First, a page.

Seldom do animation and “live action” video blend as seamlessly as in the 80’s video by A-Ha “Take On Me”. Would it have been as effective with just real actors or all animation? Probably not. However in business there are specific instances where one or the other is the best solution to get your message communicated clearly.
Imagine that you were going to create a video for a company that manufactured gear assemblies primarily marketed to engineers. Rather than show the gear assembly in action using slow motion filming or animation, you instead choose to have the CEO fumble through showing how the gear assembly works by moving it around in his hands. Now add that the CEO doesn’t exactly have the most dynamic personality for video. Doesn’t sound like a good fit does it? If you were an engineer considering this gear assembly, would you rather see it in action or watch someone move it by hand completely removed from the environment that it would be operating in?
There is a little truth in the above scenario. We had consulted with the company’s marketing agency who pitched this idea and we adamantly advised both the company and the marketing agency against doing this. Thankfully this didn’t come to fruition as the clumsy result could have been a complete waste of the company’s money and worse yet – unusable. The truth is live action film and animation both have their strengths to convey very diverse messages and achieve different objectives.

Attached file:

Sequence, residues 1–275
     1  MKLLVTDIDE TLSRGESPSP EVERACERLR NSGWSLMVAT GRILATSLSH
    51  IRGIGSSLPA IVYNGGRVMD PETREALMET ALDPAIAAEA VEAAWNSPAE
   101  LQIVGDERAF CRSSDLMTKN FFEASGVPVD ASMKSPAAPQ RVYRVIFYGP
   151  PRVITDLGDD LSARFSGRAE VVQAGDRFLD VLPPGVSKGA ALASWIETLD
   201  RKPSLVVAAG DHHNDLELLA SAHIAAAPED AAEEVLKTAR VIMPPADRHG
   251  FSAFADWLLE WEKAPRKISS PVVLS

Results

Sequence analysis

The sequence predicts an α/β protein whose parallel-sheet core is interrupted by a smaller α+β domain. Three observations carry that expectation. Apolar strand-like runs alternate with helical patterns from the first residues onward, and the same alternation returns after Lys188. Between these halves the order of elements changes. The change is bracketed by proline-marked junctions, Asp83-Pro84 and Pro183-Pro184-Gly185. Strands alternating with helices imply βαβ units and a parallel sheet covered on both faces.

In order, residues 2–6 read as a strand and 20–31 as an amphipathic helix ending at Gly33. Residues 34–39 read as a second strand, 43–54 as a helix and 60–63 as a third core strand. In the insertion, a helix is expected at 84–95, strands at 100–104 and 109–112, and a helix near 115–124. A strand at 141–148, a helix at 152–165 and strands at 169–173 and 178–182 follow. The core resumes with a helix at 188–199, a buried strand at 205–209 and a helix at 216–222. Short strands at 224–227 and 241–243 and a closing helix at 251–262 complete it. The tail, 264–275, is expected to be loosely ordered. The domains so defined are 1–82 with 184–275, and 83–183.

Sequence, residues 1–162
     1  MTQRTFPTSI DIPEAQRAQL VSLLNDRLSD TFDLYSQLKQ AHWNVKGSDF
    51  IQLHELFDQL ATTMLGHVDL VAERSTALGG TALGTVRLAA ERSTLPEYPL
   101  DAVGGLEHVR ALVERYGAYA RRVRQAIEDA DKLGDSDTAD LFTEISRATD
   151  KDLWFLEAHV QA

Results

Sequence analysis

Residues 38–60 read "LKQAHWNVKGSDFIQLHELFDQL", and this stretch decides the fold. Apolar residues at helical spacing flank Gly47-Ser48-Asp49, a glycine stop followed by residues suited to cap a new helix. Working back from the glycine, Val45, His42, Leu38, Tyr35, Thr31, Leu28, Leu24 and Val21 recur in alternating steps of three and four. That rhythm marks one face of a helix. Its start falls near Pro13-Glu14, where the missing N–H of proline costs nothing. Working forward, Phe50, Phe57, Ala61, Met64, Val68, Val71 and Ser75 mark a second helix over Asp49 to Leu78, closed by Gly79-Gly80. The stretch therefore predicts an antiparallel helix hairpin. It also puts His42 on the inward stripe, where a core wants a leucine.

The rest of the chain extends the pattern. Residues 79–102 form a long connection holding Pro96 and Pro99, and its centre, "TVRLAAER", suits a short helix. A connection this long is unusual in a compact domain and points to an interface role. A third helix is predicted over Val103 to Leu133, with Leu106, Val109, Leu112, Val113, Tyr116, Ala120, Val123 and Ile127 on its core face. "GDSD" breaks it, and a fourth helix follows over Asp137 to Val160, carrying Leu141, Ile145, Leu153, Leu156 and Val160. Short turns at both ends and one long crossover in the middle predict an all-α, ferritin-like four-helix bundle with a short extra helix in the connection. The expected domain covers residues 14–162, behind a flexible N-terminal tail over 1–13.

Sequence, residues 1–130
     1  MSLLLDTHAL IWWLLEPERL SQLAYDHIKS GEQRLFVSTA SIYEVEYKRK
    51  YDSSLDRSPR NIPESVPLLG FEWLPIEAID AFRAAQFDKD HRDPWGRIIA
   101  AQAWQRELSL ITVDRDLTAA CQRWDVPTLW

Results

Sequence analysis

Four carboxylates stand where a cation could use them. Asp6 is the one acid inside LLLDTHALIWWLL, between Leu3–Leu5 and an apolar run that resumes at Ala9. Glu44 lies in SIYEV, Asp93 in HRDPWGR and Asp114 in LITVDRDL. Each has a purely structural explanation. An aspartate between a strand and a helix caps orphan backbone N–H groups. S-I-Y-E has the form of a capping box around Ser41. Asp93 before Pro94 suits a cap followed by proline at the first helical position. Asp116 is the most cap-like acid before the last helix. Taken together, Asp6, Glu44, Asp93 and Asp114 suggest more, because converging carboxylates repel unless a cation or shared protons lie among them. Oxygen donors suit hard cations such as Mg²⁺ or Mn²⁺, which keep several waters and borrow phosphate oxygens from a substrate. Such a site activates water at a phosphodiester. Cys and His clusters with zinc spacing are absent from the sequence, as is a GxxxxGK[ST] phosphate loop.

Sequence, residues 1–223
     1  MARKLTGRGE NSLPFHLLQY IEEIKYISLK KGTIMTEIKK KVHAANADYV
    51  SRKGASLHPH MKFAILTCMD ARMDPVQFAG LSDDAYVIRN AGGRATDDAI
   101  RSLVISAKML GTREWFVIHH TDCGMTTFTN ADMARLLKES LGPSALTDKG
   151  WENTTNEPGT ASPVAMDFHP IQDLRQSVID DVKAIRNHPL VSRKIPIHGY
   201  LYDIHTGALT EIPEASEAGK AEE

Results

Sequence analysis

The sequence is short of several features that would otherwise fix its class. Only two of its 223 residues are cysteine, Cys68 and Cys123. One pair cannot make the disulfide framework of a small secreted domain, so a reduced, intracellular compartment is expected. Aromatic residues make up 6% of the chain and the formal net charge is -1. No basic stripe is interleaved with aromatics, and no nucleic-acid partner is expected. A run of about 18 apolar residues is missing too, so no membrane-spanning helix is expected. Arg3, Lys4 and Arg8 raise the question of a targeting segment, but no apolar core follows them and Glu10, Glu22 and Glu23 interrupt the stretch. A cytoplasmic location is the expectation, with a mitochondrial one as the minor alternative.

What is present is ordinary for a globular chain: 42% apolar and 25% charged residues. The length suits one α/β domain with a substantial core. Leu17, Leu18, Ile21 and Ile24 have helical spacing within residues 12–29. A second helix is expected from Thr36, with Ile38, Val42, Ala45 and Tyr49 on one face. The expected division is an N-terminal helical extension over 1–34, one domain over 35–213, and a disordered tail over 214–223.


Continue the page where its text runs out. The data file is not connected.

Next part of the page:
Film or Live action is great for communicating sentiment. One of it’s greatest strengths is forming a bond between the viewer and the person onscreen. When you have someone onscreen who has a captivating personality whether that be the CEO, a charismatic engineer or a testimonial from one of your brand advocates, that passion can easily be sensed and felt by the viewer. If that personal energy is palpable in the video, that can be a great way to personalize a company. Some great ways to use film include:
- Non-profit organizations: If you have a non-profit organization for children, wouldn’t you want to show how those children are helped by the organization? Live action does a great job of “tugging at the heart and purse strings” for online viewers. Using video with email is also a great way to increase donations for non-profits.